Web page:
Comparison of music services

Neil Devas, Contributing Writer

With the recent release of iTunes Radio, Apple has attempted to extend their influence into the Internet radio ring.  The tech powerhouse is putting the software up against several established competitors like Spotify and Pandora.   Each radio service uses their unique set of algorithms to try to match the music that they play to the music their audience wants to listen to, but which service does it most accurately?

Spotify, Pandora, and iTunes Radio specialize in providing music tailored to each listener, taking into account artists, genres, song history, and key tonality, among other attributes.

Pandora is widely viewed as the pioneer of the group, having launched in January of 2000.  On Pandora, users can search for artists, albums or genres, or pick from pre-existing stations.

Despite its early start, Pandora has the least amount of music on their service compared to the two others.  Their one million songs looking insignificant when put up against Spotify’s twenty million.  The limited music selection is only the tip of the iceberg.  The playlist feature is flawed.  For instance, users can neither search for songs nor repeat or rewind songs that they like.  However, Pandora is looking to expand their audience with their new alarm-clock feature.

iTunes Radio, introduced in September as part of Apple’s iOS 7, is extremely similar to Pandora, with the addition of a few Apple-related features.  iTunes Radio takes into account users’ download/purchase history from iTunes and creates playlists based on those tracks.  In addition, while listening to playlists, users can create playlists based on the song or artist to which they are listening.

However, iTunes shares a group of flaws with Pandora: listeners are both limited to the songs already provided for them in the playlist, as well, the amount of songs he or she is allowed to skip.

Although Pandora offers a lesser-known paid service (Pandora One), which removes advertisements and gives a limitless amount of skips, Spotify’s paid service (Premium) allows the users to browse and play any of their 20 million songs.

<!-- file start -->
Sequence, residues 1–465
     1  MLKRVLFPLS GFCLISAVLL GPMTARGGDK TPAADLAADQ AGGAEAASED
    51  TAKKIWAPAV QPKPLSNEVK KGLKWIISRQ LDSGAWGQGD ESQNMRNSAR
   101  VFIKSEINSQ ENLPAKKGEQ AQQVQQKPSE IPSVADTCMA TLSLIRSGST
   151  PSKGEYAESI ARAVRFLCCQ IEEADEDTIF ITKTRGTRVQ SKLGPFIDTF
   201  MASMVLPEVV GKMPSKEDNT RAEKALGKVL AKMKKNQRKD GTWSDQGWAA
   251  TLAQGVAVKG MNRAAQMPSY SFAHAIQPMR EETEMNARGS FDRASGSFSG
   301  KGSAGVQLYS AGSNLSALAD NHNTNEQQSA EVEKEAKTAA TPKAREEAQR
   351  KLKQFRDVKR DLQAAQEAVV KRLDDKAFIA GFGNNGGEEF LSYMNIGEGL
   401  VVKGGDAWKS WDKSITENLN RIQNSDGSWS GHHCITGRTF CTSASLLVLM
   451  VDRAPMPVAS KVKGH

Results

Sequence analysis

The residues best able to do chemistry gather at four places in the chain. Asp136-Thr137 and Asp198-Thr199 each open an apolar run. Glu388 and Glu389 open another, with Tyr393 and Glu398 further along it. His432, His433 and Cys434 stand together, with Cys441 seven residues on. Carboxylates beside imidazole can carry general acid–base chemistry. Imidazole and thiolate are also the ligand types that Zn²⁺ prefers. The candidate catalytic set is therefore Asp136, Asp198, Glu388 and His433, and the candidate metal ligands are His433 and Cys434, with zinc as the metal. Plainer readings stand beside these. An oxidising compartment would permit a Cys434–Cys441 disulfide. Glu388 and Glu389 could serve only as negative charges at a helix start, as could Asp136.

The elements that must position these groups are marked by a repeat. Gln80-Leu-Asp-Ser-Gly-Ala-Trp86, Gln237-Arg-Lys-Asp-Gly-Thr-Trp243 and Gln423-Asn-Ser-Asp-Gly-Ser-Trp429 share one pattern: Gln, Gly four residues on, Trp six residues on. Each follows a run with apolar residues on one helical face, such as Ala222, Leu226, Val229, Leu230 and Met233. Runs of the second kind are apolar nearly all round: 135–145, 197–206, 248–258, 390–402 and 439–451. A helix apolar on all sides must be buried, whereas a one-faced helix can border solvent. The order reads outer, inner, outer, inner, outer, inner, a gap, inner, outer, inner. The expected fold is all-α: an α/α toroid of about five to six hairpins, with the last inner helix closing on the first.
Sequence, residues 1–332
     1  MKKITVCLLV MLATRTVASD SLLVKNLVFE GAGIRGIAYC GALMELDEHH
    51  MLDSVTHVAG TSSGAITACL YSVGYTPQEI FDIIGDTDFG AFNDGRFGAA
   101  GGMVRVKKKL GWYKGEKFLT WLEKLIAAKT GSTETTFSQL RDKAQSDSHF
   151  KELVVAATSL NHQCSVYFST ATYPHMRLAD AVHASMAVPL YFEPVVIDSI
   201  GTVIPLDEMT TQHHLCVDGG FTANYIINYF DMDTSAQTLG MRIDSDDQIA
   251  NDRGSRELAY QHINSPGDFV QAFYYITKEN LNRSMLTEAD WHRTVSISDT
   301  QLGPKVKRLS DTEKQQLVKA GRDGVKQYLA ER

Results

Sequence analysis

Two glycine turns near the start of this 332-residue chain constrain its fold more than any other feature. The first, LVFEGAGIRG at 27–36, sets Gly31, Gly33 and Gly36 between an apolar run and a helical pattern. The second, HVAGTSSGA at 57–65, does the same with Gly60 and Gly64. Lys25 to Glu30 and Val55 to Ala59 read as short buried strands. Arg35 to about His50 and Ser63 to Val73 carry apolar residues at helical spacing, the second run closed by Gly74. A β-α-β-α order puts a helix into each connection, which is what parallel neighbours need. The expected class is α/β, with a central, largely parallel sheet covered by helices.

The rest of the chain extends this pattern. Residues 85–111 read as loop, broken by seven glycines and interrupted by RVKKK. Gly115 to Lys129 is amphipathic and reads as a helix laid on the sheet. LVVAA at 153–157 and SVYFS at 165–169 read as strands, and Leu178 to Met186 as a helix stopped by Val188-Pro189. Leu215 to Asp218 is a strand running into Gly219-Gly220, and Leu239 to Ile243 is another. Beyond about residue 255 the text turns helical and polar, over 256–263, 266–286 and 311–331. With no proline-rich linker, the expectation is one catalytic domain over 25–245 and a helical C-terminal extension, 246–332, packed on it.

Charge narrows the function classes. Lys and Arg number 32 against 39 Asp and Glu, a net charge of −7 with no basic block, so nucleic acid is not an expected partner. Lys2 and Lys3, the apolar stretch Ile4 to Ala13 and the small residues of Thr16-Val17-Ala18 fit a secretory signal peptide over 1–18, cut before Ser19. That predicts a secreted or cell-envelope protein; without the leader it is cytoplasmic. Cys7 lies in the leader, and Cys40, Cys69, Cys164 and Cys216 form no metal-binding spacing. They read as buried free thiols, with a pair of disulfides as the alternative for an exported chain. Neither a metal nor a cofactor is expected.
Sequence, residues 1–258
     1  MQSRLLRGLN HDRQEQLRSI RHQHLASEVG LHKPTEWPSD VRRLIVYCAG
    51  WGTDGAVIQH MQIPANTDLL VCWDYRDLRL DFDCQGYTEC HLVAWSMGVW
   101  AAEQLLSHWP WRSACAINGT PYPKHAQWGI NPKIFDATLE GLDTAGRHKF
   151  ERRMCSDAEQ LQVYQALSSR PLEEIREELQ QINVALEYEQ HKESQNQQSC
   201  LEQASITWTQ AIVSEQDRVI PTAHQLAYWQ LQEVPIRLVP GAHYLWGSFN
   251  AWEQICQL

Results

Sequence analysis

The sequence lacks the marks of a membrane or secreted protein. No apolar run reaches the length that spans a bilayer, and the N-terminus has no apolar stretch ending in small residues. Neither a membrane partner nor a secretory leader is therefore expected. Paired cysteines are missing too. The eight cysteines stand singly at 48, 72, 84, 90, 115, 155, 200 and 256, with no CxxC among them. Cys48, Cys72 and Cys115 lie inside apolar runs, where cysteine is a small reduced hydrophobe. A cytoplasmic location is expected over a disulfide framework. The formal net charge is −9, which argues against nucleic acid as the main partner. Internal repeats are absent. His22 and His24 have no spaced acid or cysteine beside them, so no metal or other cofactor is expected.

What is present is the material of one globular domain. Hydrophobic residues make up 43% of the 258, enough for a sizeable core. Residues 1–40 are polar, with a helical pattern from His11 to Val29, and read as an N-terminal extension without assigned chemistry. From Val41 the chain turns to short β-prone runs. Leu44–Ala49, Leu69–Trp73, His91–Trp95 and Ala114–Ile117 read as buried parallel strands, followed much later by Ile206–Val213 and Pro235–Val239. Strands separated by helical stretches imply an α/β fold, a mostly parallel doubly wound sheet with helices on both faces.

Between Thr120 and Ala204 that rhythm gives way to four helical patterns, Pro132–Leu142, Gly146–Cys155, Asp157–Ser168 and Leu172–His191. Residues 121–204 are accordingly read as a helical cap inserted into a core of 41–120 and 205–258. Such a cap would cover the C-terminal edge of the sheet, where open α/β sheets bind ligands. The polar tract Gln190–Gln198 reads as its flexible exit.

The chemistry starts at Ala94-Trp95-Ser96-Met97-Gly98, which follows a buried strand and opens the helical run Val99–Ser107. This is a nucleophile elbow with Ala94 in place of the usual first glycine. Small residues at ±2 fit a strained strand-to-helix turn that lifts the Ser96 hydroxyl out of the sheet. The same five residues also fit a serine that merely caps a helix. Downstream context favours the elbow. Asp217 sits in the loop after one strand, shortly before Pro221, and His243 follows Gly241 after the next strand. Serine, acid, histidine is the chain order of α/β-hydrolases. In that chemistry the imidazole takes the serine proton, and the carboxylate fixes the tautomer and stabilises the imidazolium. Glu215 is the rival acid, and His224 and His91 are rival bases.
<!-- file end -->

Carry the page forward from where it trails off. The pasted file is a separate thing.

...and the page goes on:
This paid service contains music from nearly every genre.  Listeners can search for specific songs, artists, and albums, receive suggested music based on song history, and listen to any song as many times as they would like.  They also create an extreme variety of genre-specific playlists, in addition to their non genre-based playlists like “Power Workout,” “Intense Studying,” or “Sunday Stroll.” In addition, Spotify’s partnership with Facebook, allows users to share music with their friends.

Spotify Premium clearly sets it aside from its competitors.  Diverging from the radio-station format that Pandora and iTunes Radio are based on, Spotify is designed not only for listening to music, but also for finding music.  For example, searching for a specific artist gives users all of the albums and songs produced by that artist, which are all available for listening.

Despite the fact that it requires a monthly payment, all of Spotify’s on-demand features make it the easiest and most enjoyable music streaming service of the three.  The web company is geared toward the individual and makes searching for music hassle-free.  However, users looking for a simple, radio-station style service will be satisfied with what Pandora and iTunes Radio have to offer.